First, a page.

Non-shared application data with other PDBs.
CDB views providing information across PDBs.

CDB resource manager plan allowing resource management between PDBs within a CDB.
PDB resource manager plan allowing resource management within PDB
Global users and global roles.
Local users and local roles.

Data Dictionary Views

Following are the data dictionary views related to CDB and/or PDB

Container data objects, including:

V$ views
GV$ views
CDB_ views
DBA_HIST* views
Container data objects can display information about multiple PDBs. Each container data object includes aCON_ID column to identify containers.

There is a CDB_ view for each corresponding DBA_ view.

Displays information about the PDBs associated with the CDB, including the status of each PDB.
Displays the permanent properties of each container in a CDB.
Displays the history of each PDB.
Displays information about the user-level and object-level CONTAINER_DATA attributes specified in the CDB.
Displays information about database objects, and the SHARING column shows whether a database object is a metadata-linked object, an object-linked object, or a standalone object that is not linked to another object.
Displays information about database services, and the PDB column shows the name of the PDB associated with each service.
The CONTAINER_DATA column shows whether the view or table is a container data object.
The COMMON column shows whether a user is a common user or a local user.
The COMMON column shows whether a role or privilege is commonly granted or locally granted.
The ORIGIN_CON_ID column shows the ID of the container from which the row originates.
Displays information about the PDBs associated with the current CDB, including the open mode of each PDB.
Displays information about initialization parameters, and the ISPDB_MODIFIABLE column shows whether a parameter can be modified for a PDB.

Oracle Multitenant is a new option in Oracle Database 12c. The multitenant architecture enables an Oracle database to contain a portable set of schemas, objects, and related structures that appears logically to an application as a separate database.

You can easily plug a PDB into a CDB and unplug a PDB from a CDB. When you plug in a PDB, you associate the PDB with a CDB. When you unplug a PDB, you disassociate the PDB from a CDB. An unplugged PDB consists of an XML file that describes the PDB and the PDB's files (such as the data files and wallet file).

You can unplug a PDB from one CDB and plug it into a different CDB without altering your schemas or applications. A PDB can be plugged into only one CDB at a time.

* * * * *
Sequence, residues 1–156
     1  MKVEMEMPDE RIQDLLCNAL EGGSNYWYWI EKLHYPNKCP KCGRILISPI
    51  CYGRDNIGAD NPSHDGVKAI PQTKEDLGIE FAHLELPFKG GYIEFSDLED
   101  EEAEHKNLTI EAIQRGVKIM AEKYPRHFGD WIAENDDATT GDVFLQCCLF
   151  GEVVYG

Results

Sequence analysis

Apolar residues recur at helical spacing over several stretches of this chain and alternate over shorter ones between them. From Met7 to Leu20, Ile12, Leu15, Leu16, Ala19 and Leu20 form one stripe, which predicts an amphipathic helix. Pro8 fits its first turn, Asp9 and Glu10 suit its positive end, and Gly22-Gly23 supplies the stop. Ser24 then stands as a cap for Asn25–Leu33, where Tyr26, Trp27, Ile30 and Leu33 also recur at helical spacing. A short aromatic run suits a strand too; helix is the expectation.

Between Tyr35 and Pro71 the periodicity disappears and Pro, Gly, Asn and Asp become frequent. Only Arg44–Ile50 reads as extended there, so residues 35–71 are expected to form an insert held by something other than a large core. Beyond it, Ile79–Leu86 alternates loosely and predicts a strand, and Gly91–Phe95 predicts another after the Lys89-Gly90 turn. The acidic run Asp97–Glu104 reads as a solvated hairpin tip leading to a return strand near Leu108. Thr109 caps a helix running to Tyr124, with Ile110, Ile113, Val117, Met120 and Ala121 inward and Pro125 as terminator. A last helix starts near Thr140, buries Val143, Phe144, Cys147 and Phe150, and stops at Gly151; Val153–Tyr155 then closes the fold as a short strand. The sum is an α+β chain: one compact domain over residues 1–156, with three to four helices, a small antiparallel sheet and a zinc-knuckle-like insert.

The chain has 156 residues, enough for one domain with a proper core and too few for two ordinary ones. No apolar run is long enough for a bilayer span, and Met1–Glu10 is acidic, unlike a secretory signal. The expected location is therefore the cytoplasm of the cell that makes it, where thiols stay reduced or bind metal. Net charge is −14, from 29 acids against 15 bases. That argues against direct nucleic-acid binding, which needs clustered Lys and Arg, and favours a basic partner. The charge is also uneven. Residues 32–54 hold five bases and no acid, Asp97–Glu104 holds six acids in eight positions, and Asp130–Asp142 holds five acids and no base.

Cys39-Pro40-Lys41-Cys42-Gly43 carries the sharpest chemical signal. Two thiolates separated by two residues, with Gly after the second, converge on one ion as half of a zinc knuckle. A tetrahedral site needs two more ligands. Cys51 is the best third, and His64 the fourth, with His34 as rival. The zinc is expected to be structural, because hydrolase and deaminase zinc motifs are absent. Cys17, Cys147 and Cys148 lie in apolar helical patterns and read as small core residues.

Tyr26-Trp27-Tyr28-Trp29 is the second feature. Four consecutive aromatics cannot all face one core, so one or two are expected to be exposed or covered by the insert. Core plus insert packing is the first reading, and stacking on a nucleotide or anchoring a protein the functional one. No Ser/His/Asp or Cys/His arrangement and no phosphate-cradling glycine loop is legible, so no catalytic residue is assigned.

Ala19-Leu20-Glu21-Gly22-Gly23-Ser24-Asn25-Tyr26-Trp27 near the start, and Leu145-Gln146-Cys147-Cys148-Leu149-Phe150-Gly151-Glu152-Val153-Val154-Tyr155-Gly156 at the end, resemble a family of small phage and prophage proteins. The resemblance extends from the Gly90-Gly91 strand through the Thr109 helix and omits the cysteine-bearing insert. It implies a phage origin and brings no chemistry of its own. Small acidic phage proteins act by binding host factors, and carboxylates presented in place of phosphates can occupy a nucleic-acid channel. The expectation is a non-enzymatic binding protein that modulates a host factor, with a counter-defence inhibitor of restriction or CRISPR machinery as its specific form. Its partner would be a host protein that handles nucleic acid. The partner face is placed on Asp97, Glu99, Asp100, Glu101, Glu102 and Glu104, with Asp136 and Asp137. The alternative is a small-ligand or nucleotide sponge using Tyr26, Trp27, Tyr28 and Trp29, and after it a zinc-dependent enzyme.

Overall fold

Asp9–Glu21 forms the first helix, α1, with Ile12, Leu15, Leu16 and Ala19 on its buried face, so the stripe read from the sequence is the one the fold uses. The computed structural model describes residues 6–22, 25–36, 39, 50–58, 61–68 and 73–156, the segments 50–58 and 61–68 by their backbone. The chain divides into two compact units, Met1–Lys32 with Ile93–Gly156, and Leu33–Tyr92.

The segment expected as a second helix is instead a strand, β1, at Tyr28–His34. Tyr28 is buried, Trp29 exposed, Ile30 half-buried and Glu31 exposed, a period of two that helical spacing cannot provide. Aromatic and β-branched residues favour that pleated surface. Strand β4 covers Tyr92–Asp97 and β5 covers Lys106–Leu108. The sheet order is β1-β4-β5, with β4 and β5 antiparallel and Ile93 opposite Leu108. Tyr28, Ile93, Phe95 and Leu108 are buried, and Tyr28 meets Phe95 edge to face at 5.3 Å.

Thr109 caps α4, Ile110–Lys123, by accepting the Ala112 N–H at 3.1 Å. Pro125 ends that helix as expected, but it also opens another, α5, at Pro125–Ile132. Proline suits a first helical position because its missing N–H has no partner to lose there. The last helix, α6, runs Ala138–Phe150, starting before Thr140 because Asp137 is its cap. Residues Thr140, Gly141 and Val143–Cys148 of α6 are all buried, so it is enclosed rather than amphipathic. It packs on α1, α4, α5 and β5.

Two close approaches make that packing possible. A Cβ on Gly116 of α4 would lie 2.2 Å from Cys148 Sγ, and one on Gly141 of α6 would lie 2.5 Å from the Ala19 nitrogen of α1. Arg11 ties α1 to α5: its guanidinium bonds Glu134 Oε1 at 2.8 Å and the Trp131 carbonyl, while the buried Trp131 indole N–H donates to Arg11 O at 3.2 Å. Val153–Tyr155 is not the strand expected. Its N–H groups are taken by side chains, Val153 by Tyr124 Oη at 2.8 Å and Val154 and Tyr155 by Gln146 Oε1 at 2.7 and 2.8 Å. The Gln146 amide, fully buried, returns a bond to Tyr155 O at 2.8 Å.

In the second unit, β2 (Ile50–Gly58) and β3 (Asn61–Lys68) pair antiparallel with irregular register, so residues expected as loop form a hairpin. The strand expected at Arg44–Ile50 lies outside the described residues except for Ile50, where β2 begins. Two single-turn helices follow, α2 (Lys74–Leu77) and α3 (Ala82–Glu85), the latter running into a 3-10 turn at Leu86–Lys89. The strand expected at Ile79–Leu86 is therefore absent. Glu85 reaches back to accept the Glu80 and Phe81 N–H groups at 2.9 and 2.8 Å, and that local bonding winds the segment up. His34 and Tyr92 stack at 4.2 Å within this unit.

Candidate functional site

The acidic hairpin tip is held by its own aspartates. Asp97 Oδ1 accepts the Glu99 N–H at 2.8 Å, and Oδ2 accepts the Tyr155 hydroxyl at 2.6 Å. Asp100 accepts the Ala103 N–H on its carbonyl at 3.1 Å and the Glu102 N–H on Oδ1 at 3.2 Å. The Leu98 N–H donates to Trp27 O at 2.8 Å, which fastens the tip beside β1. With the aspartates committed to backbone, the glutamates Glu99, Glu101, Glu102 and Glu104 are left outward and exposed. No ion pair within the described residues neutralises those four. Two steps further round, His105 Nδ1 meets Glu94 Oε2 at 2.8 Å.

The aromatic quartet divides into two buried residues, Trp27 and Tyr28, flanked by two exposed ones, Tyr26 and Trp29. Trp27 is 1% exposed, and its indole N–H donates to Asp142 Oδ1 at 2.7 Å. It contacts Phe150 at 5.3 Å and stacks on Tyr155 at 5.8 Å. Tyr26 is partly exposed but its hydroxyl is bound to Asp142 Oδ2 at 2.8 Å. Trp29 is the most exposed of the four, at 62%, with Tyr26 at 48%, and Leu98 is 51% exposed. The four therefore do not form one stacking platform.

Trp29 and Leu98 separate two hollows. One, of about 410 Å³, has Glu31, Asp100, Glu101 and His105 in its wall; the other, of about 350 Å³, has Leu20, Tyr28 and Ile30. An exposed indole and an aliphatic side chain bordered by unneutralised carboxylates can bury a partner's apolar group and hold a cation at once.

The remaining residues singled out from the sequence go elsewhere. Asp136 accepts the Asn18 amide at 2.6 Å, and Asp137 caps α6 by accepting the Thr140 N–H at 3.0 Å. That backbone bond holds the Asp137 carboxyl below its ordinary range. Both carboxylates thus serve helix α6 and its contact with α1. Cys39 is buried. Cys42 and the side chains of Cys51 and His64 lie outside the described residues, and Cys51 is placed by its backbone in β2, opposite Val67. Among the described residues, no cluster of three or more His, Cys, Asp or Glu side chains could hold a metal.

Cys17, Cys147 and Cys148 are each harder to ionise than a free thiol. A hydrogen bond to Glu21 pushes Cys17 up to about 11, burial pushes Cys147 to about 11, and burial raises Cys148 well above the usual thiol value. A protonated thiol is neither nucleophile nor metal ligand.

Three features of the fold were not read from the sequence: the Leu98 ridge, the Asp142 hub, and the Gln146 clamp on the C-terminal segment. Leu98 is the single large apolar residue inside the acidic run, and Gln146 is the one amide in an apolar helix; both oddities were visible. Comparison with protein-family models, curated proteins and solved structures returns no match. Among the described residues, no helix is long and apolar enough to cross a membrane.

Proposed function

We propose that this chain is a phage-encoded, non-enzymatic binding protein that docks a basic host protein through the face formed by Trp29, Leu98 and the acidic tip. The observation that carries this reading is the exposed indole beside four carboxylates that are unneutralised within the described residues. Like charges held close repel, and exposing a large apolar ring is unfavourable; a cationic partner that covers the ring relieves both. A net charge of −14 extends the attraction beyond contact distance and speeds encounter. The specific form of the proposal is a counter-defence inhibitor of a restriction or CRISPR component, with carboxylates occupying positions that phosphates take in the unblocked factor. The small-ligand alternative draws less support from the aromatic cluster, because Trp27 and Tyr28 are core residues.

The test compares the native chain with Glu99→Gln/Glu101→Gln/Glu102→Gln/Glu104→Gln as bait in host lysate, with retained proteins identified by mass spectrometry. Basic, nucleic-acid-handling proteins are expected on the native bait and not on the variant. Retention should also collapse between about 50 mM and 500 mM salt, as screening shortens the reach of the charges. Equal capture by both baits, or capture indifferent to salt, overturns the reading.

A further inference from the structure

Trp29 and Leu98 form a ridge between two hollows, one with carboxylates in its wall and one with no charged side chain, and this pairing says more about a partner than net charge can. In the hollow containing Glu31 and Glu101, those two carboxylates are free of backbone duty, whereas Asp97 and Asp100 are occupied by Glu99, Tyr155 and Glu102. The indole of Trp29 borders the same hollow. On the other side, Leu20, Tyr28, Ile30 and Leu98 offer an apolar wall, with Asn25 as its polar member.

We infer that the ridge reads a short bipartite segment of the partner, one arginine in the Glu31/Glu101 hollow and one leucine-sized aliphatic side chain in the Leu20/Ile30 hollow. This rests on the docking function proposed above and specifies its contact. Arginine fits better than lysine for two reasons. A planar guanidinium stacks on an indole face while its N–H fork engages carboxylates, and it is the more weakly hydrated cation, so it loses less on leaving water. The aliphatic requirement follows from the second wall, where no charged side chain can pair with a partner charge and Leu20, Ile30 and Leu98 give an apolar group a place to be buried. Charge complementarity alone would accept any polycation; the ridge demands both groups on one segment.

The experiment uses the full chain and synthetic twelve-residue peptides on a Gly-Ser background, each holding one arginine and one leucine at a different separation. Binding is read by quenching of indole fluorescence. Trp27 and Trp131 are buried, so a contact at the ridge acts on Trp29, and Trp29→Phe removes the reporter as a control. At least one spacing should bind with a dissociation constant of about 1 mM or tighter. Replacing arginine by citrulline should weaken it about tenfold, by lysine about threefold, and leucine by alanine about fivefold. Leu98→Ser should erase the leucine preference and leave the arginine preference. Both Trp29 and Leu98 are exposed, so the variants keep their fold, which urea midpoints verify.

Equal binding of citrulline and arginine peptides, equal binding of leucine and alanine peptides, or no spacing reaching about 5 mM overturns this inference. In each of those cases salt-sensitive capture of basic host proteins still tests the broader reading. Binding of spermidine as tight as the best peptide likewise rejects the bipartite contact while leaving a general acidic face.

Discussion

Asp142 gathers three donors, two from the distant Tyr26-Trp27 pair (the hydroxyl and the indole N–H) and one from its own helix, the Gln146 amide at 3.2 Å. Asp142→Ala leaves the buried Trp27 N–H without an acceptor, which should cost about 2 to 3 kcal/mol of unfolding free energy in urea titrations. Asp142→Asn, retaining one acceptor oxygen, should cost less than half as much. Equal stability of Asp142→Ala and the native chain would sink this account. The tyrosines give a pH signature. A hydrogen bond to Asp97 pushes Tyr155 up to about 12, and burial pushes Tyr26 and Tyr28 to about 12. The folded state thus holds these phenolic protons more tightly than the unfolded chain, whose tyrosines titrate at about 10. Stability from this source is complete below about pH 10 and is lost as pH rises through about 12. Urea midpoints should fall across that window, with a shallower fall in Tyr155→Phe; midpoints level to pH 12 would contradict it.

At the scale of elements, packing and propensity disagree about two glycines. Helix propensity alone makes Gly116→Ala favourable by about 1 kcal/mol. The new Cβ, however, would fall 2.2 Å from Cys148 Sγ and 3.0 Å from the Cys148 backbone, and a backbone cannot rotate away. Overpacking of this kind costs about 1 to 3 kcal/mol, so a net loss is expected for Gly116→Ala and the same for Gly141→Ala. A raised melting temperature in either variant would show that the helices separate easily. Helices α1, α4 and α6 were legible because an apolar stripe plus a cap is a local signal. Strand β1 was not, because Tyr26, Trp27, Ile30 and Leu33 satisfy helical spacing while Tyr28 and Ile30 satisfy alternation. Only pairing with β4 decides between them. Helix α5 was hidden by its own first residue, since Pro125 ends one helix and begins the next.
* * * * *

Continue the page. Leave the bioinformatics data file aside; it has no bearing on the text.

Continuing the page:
Each PDB has a globally unique identifier (GUID). The PDB GUID is primarily used to generate names for directories that store the PDB’s files, including both Oracle Managed Files directories and non-Oracle Managed Files directories.

In summary, you can think of your laptop or PC as a CDB, your hard disks as root container and your USB stick as pluggable database which can be plugged into your laptop or PC. The hard disk stores information of your laptop or PC and metadata about all your pluggable USB sticks.

Oracle® Database
Administrator's Guide
12c Release 1 (12.1)

Hope this helps.


  1. According to , Oracle is recommending one application backend (usually stored in one schema) per PDB. Do you agree? Has anyone attempted this with a large number of applications and users? Since most user accounts access multiple applications this would involve a lot more effort maintaining accounts and database links would also be required (which aren't necessary if multiple application back ends exist in a PDB).

  2. Hi Gus,
    Oracle is just trying to show various ways of database consolidation in the white paper, one being schema consolidation and the other being multi-tenancy option. For applications which use different schemas sharing data between the schemas can reside in same database (either non-CDB or a PDB). For e.g. in case of ERP systems you will have schemas like GL, AR and AP e.t.c to store data for General Ledger, Accounts Receivable and Accounts Payable modules which share data with-in. But if you take example of banking systems which have Core Banking System Software (CBS) and Card Management System (CMS) can have two backend schemas in two PDBs.
    If you have databases with multiple schemas and want to upgrade to DB 12c then identify the dependent schemas and segregate them accordingly into different PDBs else you can convert the non-CDB into a single PDB. But you have to consider the security aspects as mentioned in the white paper.
    Hope this helps.
    Ashish Man Baisyet